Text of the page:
• find and recommend teaching and learning resources to students, such as writing and learning skills services, library resources, and wellness support
  • identify future teaching development opportunities that they can pursue throughout your graduate career at Western.

What to expect

  • You do not have to be a Teaching Assistant to attend TA Day. All incoming graduate students are welcome.
  • Sessions are interdisciplinary and led by experienced instructors.
  • Register to receive access to our OWL site where both synchronous sessions and asynchronous modules will be hosted.

Asynchronous Sessions

Registering for TA Day also gives participants access to the following six eLearning modules:

Inclusive Pedagogy: What TAs need to know

As TAs, how we interact and engage with our students influences the quality of the experiences undergraduate students have in our courses. Being well informed and taking actions that make our classrooms more diverse, anti-racist, equitable, and accessible will allow all students, especially those who are racialized or marginalized, better opportunities to succeed and thrive. Explore this module for an introduction to inclusive pedagogy – an approach to course design, assessment, student engagement and teaching that incorporates the principles of diversity, equity, accessibility and inclusion to encourage and enrich student learning.

Mental Health 101: Supporting student wellness

What is mental health and how can you support it? Take this module to learn the basics about mental health, including the resources available to you and your students. Then, learn a simple framework you can use to support wellness in the classroom, during your office hours with students, and in your own life.

Preparing to Grade

Grading can feel like a big responsibility and, in a lot of ways, it is! This module will guide you through some of the "need to know" basics to get you prepared to grade assignments as a Western TA, including an introduction to the standards that should guide your grading, practical tips to manage your time, and clear strategies for ensuring you are as fair and effective as possible.

Teaching Your Students to Write Better

This session is brought to you by the Writing Support Centre. “Students can’t write” has been a popular lament amongst professors for centuries. Writing is difficult, but with proper instruction, your students will be able to negotiate the complex world of academic prose. If becoming a better teacher by learning strategies that will help your students write better is not enough incentive to view this asynchronous module, then consider that a well-written paper is much less time-consuming to grade than a poorly-written one.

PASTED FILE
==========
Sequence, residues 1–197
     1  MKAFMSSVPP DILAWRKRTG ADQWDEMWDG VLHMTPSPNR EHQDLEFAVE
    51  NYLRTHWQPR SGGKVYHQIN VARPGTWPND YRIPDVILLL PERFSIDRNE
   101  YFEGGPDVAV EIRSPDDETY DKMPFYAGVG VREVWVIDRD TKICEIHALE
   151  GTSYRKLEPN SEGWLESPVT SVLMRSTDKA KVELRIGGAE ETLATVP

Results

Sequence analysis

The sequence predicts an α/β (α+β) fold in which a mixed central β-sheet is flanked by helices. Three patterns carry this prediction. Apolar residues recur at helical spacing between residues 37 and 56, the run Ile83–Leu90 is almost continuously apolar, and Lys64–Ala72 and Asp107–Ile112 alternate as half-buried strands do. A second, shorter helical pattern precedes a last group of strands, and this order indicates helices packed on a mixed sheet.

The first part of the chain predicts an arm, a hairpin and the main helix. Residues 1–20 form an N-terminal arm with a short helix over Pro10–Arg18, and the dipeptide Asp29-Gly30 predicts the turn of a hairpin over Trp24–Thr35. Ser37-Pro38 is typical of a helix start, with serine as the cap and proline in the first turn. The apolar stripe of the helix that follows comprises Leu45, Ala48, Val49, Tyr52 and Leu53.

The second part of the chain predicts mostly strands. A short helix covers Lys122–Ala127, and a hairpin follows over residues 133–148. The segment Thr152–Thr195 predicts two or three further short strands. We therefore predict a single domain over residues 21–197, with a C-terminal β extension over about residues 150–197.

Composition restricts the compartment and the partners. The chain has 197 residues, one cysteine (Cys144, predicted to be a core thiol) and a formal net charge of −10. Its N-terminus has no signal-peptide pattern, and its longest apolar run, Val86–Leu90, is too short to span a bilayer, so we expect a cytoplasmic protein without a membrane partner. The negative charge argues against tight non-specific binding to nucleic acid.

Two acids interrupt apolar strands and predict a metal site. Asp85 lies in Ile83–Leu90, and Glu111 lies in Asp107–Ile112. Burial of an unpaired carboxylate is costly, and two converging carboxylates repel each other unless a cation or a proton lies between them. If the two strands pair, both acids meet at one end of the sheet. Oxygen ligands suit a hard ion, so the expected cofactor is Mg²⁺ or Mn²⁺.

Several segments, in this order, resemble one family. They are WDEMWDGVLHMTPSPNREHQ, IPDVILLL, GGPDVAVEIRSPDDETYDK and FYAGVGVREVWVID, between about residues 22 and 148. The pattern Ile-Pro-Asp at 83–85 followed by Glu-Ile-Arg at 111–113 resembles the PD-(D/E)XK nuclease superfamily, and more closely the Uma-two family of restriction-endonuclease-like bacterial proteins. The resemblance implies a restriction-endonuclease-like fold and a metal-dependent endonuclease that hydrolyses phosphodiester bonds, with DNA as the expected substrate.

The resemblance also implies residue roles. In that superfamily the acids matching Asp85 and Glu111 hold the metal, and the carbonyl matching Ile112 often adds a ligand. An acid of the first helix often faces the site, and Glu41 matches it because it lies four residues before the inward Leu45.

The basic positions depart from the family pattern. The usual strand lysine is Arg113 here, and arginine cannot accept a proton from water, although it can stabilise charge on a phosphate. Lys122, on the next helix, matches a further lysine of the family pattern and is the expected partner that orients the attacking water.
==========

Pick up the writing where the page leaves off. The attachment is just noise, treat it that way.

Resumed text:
10 Techniques to Explain Difficult Concepts in Science

Every discipline in Science has a number of difficult and complex concepts that are not always intuitive. The good news is that as a TA, you can you help students learn by the way you explain these concepts in class, in the lab, or during your office hours. This module gives you 10 key strategies to help prepare you for this task. After all, when you can explain it, you truly understand it!

Time Management for TAs

This session is brought to you by Learning Development & Success. To be successful in the dual roles of student and TA requires a carefully planned balancing act. The two videos and accompanying workbook in this module will explore a variety of time and self-management strategies that can help you be an effective and efficient student and TA.

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Testimonials from TA Day Participants

“It was great to have such diverse and informative sessions. The keynote speaker was the highlight of the day.”

“The presenters connected well with us in the audience and spoke about topics that I felt were of importance to everyone. Their speeches were humorous as well as educating and they touched on difficult subjects without oversimplifying them. I felt like a colleague getting advice rather than an unknowledgeable student in those moments, which reflects the position I am supposed to be in as a graduate student.”

“The sessions were very interesting because they provided new information (that would be difficult to find elsewhere) that was directly applicable our lives as TAs. The presenters were friendly, explained things clearly, and took the time to answer questions. Their advice was relevant and easy to follow.”